unquestionably the home of Open Golf, is undoubtedly a haven for beginners
and proficients alike and probably the most scenic set of courses in
the world. With it's rugged and unspoilt coastline, Ayrshire has some
of the best and most scenic links golf courses in the world. Not only
is the golf world class but the views across to the Isle of Arran and
the Mull of Kintyre are breathtaking. The area is famous for it's three
Open Championship courses: Prestwick, Troon and Turnberry, but there
are other less well known gems that will provide an enjoyable challenge
for both experts and beginners alike. South West Scotland is renown
for it's mild climate and friendly people, this combined with it's rich
heritage and beautiful countryside, really makes it a superb
holiday destination for both golfers and non-golfers alike.
is a golfer's paradise. It's the very heart of golf country. Picture
the world famous profiles of Turnberry's lighthouse and the Ailsa Craig.
The wild cliff top crags of the 9th tee. The drama of British Open Championships.
Turnberry's links courses have witnessed some of the most spectacular
displays of golf in the world. Combine this with the space and privacy
of your luxury accommodation at the Turnberry Links Estate and you discover
the ultimate holiday destination.
settle for anything less?
is within easy driving distance of all the major Scottish Airports.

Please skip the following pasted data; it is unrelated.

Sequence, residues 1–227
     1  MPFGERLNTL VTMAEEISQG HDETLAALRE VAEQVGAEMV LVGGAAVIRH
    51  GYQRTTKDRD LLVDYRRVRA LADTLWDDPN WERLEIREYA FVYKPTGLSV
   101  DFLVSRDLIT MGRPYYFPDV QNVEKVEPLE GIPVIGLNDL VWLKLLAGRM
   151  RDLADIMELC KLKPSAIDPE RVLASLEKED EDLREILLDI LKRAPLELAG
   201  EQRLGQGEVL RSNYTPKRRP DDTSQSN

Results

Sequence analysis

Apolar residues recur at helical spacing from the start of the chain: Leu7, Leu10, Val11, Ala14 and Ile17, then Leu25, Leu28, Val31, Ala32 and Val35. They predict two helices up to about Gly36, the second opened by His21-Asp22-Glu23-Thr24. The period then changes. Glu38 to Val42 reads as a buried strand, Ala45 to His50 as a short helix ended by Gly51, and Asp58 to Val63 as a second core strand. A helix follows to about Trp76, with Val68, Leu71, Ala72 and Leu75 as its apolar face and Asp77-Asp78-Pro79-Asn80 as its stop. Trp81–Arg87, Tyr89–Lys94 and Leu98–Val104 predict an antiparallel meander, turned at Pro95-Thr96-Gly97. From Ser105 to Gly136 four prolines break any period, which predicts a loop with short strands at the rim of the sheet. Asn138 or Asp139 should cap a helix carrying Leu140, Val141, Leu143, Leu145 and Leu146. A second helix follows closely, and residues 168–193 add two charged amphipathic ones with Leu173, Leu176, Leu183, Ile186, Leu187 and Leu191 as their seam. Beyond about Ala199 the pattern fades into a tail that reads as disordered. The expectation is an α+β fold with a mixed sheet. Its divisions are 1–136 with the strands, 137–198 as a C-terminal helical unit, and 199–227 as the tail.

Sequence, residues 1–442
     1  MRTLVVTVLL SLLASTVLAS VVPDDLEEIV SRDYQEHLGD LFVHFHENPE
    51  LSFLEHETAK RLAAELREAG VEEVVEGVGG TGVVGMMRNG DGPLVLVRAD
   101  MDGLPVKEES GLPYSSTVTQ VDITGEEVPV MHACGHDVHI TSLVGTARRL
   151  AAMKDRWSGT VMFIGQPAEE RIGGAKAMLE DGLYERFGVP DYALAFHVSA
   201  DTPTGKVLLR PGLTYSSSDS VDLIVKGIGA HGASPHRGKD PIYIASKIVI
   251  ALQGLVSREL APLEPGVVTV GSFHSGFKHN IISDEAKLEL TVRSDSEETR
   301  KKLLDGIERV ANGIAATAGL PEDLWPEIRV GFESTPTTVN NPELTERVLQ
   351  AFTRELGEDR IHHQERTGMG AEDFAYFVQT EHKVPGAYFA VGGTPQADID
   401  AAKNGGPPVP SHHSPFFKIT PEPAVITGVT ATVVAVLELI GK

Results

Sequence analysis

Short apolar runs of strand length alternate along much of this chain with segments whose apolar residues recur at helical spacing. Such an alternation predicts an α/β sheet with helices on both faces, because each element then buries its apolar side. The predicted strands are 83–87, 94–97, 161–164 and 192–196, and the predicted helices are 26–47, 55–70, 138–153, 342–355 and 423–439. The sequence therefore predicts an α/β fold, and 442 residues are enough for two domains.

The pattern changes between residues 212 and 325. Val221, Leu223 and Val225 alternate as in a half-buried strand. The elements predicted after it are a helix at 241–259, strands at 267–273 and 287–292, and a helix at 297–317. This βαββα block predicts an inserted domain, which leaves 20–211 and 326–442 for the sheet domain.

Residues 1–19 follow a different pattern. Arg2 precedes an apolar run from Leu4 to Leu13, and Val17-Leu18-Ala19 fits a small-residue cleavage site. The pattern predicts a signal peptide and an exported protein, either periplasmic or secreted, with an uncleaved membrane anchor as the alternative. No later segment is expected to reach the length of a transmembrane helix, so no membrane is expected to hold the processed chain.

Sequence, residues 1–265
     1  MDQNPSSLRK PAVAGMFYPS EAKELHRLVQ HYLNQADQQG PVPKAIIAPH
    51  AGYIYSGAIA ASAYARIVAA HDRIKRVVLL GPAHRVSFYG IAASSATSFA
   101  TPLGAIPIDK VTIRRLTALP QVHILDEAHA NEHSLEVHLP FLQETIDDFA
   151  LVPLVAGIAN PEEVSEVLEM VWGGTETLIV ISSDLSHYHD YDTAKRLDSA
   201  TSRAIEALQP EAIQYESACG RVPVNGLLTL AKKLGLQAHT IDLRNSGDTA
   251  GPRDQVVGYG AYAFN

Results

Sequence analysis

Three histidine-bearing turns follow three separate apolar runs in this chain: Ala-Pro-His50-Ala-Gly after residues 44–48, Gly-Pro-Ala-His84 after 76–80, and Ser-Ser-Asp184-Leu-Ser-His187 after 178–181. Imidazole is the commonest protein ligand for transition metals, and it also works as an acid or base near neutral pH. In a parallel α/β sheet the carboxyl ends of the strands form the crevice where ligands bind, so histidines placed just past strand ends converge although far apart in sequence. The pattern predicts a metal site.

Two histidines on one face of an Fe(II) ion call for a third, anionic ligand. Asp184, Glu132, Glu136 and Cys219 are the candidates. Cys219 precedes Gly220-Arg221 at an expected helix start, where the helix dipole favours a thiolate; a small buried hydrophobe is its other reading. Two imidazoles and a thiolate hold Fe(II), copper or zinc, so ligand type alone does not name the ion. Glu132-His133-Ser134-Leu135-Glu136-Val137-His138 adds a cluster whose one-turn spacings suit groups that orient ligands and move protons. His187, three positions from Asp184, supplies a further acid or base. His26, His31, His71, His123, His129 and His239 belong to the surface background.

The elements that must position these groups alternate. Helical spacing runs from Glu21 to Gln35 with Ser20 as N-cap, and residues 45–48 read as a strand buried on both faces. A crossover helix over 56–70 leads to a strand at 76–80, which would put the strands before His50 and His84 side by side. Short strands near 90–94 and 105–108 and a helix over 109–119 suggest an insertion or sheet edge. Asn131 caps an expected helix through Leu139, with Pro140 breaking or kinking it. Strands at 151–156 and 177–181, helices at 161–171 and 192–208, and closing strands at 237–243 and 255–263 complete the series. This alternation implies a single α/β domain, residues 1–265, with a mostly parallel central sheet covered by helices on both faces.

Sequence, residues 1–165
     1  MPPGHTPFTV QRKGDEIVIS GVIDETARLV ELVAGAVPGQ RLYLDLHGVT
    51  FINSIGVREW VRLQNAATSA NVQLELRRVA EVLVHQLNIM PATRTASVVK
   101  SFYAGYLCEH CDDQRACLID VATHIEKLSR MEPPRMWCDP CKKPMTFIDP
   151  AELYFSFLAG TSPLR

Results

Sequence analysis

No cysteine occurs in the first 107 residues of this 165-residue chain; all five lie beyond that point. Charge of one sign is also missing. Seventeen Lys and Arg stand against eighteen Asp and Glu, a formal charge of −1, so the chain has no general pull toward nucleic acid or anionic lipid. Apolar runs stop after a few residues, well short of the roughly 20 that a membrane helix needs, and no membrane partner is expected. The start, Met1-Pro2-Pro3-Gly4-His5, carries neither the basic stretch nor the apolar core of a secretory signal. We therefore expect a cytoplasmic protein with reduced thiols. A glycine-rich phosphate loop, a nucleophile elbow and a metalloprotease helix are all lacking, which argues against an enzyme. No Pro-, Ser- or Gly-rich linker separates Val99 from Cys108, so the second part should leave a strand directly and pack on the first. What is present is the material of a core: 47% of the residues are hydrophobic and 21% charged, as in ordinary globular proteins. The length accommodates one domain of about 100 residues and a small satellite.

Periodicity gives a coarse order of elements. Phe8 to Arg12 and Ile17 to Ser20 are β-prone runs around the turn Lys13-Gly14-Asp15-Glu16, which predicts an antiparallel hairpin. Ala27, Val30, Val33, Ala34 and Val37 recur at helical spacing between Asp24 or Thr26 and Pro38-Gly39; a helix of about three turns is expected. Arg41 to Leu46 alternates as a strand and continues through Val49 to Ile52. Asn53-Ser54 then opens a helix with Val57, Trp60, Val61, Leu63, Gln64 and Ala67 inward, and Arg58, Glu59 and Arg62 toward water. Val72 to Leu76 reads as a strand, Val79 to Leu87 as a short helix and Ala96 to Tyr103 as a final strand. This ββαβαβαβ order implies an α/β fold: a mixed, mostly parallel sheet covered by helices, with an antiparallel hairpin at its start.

05 minute drive from Girvan British Rail station
. 20 minute drive from Prestwick International airport
. 30 minute drive from M74 motorway junction 12
. 45 minute drive from Glasgow International airport
From Ayr take the A77 towards Girvan through Minishant and Maybole.
Just on the outskirts of Turnberry take left into Milton Wynd which
leads to The Links.
here to view a local area map
earliest towers and dungeons to the elegant grandeur of Culzean Castle,
the battle scarred Broddick Castle on Arran, Ayrshire and the Isle of
Arran's castles have been the seat of Kings. Although there is little
to see now, the castle at Turnberry was the birthplace of Robert the
Bruce. He stands as a great figure in Scottish history: crowned King
of Scotland in 1306, he spent most of his life fighting to free Scotland
from the English. He was the first king to succeed in uniting Scotland
in this common cause. The legendary William Wallace also has close links
with Ayrshire. Born in Elderslie, he had many supporters in Ayrshire,
and many of his early battles and skirmishes took place here. Ayrshire's
most famous son - Robert Burns - the ploughman poet and Scotland's bard
celebrated annually at Burns Suppers throughout the world. On one hand
his life seemed full of wine, women and song. On the other, it was a
constant struggle against the grinding poverty of 18th century rural
Scotland. Either way, Ayrshire retains many reminders of him and his
remarkable life - a testament to his enduring popularity.